In the midst of a global pandemic, the UK property sector has seen one of its best periods in almost a decade.
Spurred by stamp duty tax breaks and government-backed mortgage schemes the property market is booming.
According to Nationwide, house prices soared 10.9% in the year to May, the highest level in seven years and the average house price has risen to £242,832, up £23,930 over the past twelve months.
Popular property portal Rightmove, say that they are witnessing the fastest-selling market that they have measured since their records began. Tim Bannister Rightmove’s Director of Property Data said “Wednesday 7th April set a record of over 9.3 million visits to Rightmove, and March saw time spent on the site surpass two billion minutes in a month for the first time. Almost one in four (23%) properties that had a sale agreed in March had been on the market for less than a week, which is also the highest rate that we’ve ever recorded.
The NAEA Propertymark has reported there to be 16 buyers for each property currently on the market. The number of properties achieving over the asking price reached 32% in April 2021, smashing the previous high of 19% in May 2014.
With demand skyrocketing it is no surprise to see that property investors and developers are turning to bridging finance to help secure their next purchase.
Data from the Association of Short-Term Lenders (ASTL) shows the demand from consumers and businesses to get a bridging loan in the UK has increased at the start of 2021. Applications have exceeded pre-pandemic levels by just over a quarter and the value of these was up 18% comparing Q1 2021 to the same period in 2020.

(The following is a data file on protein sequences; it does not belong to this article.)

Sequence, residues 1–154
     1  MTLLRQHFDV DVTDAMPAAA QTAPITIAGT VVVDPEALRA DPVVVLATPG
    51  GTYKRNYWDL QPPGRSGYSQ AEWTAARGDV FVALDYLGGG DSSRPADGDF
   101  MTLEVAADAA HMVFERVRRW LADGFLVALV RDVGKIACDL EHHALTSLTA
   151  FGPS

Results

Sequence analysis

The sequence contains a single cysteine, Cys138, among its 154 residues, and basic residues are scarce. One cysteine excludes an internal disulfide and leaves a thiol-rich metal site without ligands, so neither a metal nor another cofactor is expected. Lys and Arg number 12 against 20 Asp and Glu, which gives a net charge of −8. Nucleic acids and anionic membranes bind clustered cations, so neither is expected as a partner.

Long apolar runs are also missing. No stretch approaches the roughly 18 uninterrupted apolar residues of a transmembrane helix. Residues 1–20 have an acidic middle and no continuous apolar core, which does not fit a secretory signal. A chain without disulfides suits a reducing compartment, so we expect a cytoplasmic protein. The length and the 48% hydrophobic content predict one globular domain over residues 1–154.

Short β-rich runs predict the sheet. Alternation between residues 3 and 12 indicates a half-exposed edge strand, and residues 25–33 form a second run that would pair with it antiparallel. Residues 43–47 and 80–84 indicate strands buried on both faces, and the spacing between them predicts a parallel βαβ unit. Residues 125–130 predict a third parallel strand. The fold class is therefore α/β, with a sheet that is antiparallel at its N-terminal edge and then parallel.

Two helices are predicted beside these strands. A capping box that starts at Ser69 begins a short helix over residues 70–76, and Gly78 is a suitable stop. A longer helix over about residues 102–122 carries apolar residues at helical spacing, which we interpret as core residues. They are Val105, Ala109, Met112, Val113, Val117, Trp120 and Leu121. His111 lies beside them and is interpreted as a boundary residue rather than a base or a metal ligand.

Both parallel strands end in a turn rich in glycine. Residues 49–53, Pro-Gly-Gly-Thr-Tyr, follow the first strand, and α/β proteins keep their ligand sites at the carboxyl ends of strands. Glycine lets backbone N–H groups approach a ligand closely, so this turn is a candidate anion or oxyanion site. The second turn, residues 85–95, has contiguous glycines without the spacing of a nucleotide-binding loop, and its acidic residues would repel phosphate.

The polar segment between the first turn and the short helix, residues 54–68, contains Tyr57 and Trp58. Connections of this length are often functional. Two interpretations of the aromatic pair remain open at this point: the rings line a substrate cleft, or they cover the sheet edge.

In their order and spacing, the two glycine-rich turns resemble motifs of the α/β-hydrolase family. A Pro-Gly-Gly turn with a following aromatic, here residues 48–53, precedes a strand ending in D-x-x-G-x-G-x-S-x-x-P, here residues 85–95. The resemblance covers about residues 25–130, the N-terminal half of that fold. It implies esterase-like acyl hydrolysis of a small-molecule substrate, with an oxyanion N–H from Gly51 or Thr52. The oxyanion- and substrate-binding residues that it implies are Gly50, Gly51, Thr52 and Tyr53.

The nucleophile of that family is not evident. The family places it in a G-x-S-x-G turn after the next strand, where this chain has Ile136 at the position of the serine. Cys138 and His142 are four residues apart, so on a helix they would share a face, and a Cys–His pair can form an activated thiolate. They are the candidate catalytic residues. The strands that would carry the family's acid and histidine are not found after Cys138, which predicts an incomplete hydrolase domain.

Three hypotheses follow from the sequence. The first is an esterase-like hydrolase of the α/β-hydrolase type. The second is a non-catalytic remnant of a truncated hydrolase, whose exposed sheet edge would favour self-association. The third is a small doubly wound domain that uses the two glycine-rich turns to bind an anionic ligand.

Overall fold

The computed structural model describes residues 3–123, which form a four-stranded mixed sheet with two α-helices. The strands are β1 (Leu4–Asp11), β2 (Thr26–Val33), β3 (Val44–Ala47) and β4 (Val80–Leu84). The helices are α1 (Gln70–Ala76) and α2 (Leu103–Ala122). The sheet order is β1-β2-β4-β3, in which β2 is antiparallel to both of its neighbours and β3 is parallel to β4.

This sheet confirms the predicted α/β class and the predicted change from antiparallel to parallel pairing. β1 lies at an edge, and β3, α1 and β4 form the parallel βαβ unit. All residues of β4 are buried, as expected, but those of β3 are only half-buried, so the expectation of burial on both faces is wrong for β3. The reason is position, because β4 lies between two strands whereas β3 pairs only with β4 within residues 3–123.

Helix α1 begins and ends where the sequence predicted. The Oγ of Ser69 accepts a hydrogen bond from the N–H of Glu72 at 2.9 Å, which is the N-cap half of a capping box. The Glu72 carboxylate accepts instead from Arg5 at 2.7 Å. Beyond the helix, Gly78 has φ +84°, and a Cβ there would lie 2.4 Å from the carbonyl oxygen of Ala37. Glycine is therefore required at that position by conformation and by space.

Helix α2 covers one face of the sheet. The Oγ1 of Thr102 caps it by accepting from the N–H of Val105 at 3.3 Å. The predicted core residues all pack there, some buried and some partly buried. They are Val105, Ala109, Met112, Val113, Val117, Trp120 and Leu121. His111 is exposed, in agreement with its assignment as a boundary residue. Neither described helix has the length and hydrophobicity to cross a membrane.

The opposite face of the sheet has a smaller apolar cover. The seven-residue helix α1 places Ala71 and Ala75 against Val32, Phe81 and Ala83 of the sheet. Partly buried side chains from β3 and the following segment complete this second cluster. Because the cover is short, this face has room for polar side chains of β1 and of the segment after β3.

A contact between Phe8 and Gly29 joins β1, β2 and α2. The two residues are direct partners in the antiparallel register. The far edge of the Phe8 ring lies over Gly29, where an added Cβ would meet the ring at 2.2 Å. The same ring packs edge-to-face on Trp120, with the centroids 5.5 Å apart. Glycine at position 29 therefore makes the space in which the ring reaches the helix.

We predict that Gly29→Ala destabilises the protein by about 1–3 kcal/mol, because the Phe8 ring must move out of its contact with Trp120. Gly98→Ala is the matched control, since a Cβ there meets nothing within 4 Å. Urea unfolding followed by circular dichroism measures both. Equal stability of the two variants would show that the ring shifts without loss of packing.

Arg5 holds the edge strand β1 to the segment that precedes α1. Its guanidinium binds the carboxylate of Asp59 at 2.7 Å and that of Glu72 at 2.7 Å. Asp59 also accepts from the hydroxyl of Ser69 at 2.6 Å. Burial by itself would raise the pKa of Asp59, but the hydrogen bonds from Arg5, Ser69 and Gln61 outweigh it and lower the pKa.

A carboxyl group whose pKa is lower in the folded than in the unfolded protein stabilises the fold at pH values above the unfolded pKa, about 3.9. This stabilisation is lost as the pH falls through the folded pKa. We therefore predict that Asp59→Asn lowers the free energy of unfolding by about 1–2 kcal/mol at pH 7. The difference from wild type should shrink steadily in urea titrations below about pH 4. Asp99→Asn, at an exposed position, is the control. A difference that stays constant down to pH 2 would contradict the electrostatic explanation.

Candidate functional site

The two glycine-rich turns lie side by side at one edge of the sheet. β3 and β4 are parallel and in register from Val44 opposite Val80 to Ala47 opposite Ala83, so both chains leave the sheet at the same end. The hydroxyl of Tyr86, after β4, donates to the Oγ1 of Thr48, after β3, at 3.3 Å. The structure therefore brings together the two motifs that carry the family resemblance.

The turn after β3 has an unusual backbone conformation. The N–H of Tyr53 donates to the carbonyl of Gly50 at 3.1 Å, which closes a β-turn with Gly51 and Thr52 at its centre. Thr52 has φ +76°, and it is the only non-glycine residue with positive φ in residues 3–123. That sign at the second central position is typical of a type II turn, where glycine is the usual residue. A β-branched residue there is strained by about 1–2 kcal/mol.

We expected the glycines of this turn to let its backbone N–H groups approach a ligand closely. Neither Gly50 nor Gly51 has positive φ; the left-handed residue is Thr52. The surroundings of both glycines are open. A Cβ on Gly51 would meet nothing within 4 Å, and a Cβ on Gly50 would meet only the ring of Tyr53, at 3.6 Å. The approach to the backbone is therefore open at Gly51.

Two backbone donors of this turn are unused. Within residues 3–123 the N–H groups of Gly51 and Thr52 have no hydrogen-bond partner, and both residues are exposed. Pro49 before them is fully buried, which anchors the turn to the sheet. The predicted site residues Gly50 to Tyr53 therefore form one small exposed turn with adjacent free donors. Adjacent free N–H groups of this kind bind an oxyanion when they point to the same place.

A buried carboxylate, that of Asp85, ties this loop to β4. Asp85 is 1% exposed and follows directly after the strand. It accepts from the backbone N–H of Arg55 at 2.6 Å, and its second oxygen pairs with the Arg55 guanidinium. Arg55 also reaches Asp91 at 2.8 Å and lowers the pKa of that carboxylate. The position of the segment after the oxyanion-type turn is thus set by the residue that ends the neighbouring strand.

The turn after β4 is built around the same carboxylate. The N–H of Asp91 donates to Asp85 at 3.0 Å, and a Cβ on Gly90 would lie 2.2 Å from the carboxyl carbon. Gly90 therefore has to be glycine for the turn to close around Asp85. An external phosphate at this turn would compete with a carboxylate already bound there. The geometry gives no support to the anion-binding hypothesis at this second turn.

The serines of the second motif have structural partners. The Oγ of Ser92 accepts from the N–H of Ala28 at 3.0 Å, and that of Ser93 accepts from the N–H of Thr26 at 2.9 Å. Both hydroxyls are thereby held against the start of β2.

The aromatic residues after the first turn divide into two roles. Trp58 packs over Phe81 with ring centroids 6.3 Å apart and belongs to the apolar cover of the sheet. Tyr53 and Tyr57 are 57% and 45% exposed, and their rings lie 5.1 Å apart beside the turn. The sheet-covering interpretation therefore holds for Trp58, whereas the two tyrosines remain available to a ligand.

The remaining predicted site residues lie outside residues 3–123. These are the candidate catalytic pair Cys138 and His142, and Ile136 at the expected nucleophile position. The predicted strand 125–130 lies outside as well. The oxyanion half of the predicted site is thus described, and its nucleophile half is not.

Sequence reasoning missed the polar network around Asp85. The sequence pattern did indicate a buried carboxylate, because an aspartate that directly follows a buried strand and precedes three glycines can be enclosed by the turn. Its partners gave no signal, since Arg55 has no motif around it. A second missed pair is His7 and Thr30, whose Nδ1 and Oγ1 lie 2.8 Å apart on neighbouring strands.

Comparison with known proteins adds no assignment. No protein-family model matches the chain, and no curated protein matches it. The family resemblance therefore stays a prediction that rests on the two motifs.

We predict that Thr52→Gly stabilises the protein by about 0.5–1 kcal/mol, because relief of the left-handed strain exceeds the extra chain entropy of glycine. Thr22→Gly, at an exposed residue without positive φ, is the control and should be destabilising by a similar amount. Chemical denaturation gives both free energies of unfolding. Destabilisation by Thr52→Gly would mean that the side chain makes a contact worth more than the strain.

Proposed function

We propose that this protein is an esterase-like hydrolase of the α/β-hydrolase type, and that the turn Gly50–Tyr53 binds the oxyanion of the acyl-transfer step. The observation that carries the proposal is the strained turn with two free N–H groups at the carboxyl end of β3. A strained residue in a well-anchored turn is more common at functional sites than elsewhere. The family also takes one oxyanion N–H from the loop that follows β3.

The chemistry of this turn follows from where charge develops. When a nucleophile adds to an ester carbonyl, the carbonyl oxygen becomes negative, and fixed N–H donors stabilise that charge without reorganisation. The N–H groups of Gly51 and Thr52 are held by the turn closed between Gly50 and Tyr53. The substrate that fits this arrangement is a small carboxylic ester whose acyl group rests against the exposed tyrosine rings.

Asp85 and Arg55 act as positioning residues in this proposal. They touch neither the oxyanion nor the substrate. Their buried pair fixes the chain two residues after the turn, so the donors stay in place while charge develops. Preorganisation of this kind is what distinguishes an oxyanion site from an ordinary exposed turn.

How Bridging Finance Can Help
Bridging loans are much faster than ordinary mortgage products, they can take days to complete rather than months like standard mortgages.
Property investors and those wanting to take advantage of the stamp duty tax break are using fast bridging finance to meet the June 30 stamp duty holiday deadline.
According to data from Bridging Trends, chain break finance was the top reason for using bridging loans, making up 20% of all deals in Q4 2020. With an unprecedented number of property transactions taking place it is inevitable that people may pull out of purchases late on, and therefore clients need a short-term loan to fill the gap their buyer left behind.
Another popular reason to use a bridging loan is to renovate a property for later sale or for rental. Some types of work and property condition may be outside of a traditional mortgage lenders criteria, while a bridging lender is usually happy to accept development projects if there is a clear plan to repay the debt before the term ends. 33% of bridging loans in Q1 2021 based on Bridging Trends data were for business purposes or investments.
If you are considering a bridging loan and would like to discuss the various options available, please speak to our expert mortgage brokers on 020 3645 4322 or send us an email via email@example.com.